On February 2, 2012, US Congressman Sam Johnson (R-TX), Chairman of the House Committee on Ways and Means, Subcommittee on Social Security, held a hearing to address the accuracy and identity theft issues of the Social Security Administration's Death Master File ("DMF") information which is made available to the public. The Social Security Administration ("SSA") makes the DMF available to the public through the National Technical Information Service ("NTIS") of the Department of Commerce. The NTIS sells the DMF to private and public sector customers, including government agencies, financial institutions, credit reporting organizations, genealogical researchers and insurance companies. The insurance industry uses the DMF to detect improper payments sent to those who are deceased. According to the Social Security Administration ("SSA"), approximately 14,000 individuals are incorrectly listed as deceased on the DMF. Those affected have experienced termination of benefits and other devastating consequences while their inaccurate personal and private information is publicly exposed. Also, the DMF reportedly has become a source for thieves to capitalize on the identities of children and others who have died.
The focus on the hearing was to discuss the identity theft abuses and other violations being perpetrated against individuals and their families based on public access to the DMF and to determine if HR 3475, the 'Keeping IDs Safe Act of 2011'1 have included sufficient safeguard provisions to limit these abuses with minimal intrusion on businesses' legitimate use of the DMF information.
The SSA collects death information from several sources including funeral homes, hospitals, financial institutions and state governments in order to compile the data needed to administer its programs. Currently, the DMF has 84 million listed individuals and approximately 2.5 million new individuals are added each year. A 1980 Freedom of Information Act ("FOIA") court mandated settlement required the SSA to make publicly available the surname, Social Security Number ("SSN") and date of death of deceased SSN holders. As a result of this settlement, the SSA created the DMF, a file of all deaths reported to the SSA since 1936 from sources other than state governments. In 1983, Congress amended the Social Security Act to require the SSA to enter into contractual agreements to obtain death records from states and exempt death reports the SSA receives from the States from disclosure to the public under FOIA. The SSA is working with States to provide more accurate death information by requesting they participate in a streamlined electronic death registration process known as Electronic Death Registration ("EDR"). Following a recent review of the EDR, the SSA determined that as of November 1, 2011, all death records received through the EDR will be removed from the publicly available DMF. As more states compiled the vital statistics of their citizens through the EDR, the number of records received by the SSA from other sources that may be entered on the DMF will be further reduced.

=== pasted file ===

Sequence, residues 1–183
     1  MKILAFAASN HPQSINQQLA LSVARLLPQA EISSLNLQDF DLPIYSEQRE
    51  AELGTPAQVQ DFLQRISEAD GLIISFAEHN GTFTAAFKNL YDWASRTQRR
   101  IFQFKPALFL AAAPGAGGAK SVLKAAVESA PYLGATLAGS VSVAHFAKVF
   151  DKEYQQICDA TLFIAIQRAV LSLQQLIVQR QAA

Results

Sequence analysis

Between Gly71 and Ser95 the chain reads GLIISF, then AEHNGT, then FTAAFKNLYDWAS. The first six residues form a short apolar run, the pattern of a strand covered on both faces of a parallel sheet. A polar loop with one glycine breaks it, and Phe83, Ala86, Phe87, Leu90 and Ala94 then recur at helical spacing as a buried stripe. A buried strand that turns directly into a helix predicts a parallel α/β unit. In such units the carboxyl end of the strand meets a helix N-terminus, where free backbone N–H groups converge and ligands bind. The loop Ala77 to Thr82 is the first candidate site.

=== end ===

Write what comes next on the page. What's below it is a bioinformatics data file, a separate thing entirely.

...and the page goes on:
The hearing had two panels with Panel 1 being the Honorable Michael J. Astrue, Commissioner for the Social Security Administration. Panel 2 had five participants including Jonathan Agin, an attorney from Virginia, whose young daughter's personal information became victim to identity theft after her death; and the Honorable Patrick P. O'Carroll, the Inspector General of the Social Security Administration who discussed how the SSA is working to eliminate the misuse of DMF information. The other three panelists on Panel 2: Stuart K. Pratt, Chief Executive Officer of Consumer Data Industry Association; John Breyault, Vice President of Public Policy, Telecommunications and Fraud for the National Consumers League; and Dr. Patricia Potrzebowski, Executive Director, National Association for Public Health Statistics and Information Systems represented organizations that received DMF information.